So, did you notice what I noticed as Tiger Woods delivered his 14 minute nationally televised mea culpa last week? While he was busy admitting, "I was unfaithful. I had affairs. I cheated ..." Tiger failed to mention that he had also broken the law.
Adultery is a crime.
I know that sounds odd and old fashioned. But the truth is that more than 20 states, including Florida where Wood's keeps his primary residence, still have laws on the books against cheating on your spouse.
It's also illegal in North Carolina where disgraced Senator John Edwards recently admitted he'd fathered a child with a long time mistress. And adultery continues to be illegal in South Carolina where Governor Mark Sanford broke his vows to wife, Jenny, and admitted his soul mate was a South American woman with whom he'd been having an affair.
In most of the states with anti-adultery laws those found guilty can be imprisoned.
The crime is generally defined as "those who engage in sexual intercourse with a person who is not the spouse ..." and usually both parties involved in the act are considered to have committed the crime. That means Tiger's fifteen (at last count) gal pals, the Senator's mistress, the Governor's soul mate and even someone engaged in just a one-night-stand could be punished -- if a third party wanted to press the point.
So, what's the prescribed punishment? It ranges from a mere $250 fine in Virginia, to several years in state prison (as well as a fine) in states like Massachusetts, Michigan and Alabama. In Wisconsin adultery is considered to be a Class 1 felony punishable by a fine of up to $10,000 and three and a half years in prison. Members of the U.S. military can also still be charged with adultery and put behind bars.
Okay, I know what you're thinking. The laws may be on the books but they're hardly ever used anymore, right?
That's right. But how long do you think it will take some sharp divorce attorney to get wise?
I predict these very public adultery apologies aren't going to slow down anytime soon. In fact, they've become quite fashionable, expected really, when someone in the public eye gets caught straying. Some lawyer with an extra-vindictive spurned spouse will almost certainly land upon the strategy to force their state to adhere to its anti-adultery law.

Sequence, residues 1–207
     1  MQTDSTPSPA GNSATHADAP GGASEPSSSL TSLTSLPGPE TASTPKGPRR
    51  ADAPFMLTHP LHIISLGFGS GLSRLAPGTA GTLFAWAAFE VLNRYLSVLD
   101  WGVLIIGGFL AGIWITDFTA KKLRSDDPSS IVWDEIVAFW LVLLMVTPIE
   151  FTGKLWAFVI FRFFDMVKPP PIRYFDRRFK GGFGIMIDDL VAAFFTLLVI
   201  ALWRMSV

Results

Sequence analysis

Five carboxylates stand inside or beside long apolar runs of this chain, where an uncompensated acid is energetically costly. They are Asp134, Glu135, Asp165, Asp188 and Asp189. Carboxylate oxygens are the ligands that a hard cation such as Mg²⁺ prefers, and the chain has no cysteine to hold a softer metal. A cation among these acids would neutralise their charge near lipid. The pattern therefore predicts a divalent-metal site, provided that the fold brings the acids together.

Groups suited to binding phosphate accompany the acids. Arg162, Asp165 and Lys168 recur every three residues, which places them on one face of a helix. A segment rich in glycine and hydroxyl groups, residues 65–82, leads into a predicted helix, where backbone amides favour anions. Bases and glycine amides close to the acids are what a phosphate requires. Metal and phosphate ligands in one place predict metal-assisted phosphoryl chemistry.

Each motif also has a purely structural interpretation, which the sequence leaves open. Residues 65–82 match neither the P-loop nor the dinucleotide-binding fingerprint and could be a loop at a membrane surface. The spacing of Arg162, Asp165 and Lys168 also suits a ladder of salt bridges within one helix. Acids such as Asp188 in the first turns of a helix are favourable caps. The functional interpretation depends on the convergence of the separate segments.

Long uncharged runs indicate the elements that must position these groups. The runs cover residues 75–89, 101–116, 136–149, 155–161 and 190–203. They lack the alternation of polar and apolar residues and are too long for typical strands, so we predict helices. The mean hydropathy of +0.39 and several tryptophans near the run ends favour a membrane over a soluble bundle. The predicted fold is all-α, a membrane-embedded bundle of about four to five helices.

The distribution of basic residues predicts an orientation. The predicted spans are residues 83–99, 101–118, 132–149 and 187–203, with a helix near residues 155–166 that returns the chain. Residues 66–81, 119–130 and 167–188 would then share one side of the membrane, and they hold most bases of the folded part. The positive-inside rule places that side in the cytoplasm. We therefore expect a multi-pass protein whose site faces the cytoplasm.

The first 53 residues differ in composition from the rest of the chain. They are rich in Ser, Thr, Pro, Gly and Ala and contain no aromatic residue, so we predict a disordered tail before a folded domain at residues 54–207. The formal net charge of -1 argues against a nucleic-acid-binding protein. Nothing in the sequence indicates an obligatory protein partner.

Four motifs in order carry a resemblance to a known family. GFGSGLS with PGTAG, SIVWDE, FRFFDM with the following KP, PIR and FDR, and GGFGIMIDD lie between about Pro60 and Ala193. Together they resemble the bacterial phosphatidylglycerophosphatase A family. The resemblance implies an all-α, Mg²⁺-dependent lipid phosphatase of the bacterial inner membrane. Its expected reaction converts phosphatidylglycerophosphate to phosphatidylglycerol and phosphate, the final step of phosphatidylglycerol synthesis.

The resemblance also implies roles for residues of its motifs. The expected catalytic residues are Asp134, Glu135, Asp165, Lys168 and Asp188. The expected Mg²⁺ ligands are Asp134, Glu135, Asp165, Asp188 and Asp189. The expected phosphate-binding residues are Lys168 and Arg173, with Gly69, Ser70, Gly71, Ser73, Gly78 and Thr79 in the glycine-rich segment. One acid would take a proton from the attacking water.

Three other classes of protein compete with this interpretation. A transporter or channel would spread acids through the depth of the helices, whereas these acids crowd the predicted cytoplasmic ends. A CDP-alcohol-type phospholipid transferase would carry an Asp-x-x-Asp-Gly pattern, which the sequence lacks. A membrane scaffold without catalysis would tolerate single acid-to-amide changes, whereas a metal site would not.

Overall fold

I can't fathom a judge in the land that would say a law that's still on the books can be legally ignored. The legislature would have to abolish it first. So, if you're thinking of stepping out on your spouse you might want to check your local law first. If it's already too late for that, you better hope your spouse doesn't hire an imaginative attorney.
But back to Tiger. I wasn't in the room when he made his statement but I was just a mile away in the media holding area in Ponte Vedra Beach, Florida. Some 350 reporters and sports writers were on hand for the event, beamed in via satellite on big screen TV sets. As it began I wondered if Wood's words would be sincere or designed for mere public relations value. Three short sentences within his remarks answered my question.
"I do plan to return to golf one day. I just don't know when that day will be ... Starting tomorrow I will leave for more treatment and more therapy."
For the first time in Tiger Wood's life the game of golf seems not to be the most important thing. He sounded like a man who is truly struggling to get his priorities straight. He said point blank he realizes now that he is not entitled to break the rules with no thought as to who might be hurt by his actions. His wife, two children and his mother have apparently taken center stage in his life.
"It's up to me to start living a life of integrity," he said.
I wonder if he realizes how much of a continuing challenge that will be. It's been widely reported that the billionaire Tiger didn't hesitate to throw money at past paramours in an effort to keep his secrets quiet at all cost. He is surely now a prime target for any unscrupulous woman who's after a celebrity notch on her belt and a potential payoff to keep silent. Gold diggers will have Tiger in their cross-hairs for sure and he'd be well advised to hire a diligent minder, much like Bill Clinton's staff employed a "Bimbo Monitor" for the former president.
Will Woods relapse? Statistics tell us it's likely. Will his wife stick around? It's too early to tell. But at least Tiger had enough character to finally admit the truth, to ask forgiveness and to seek help.
People can change.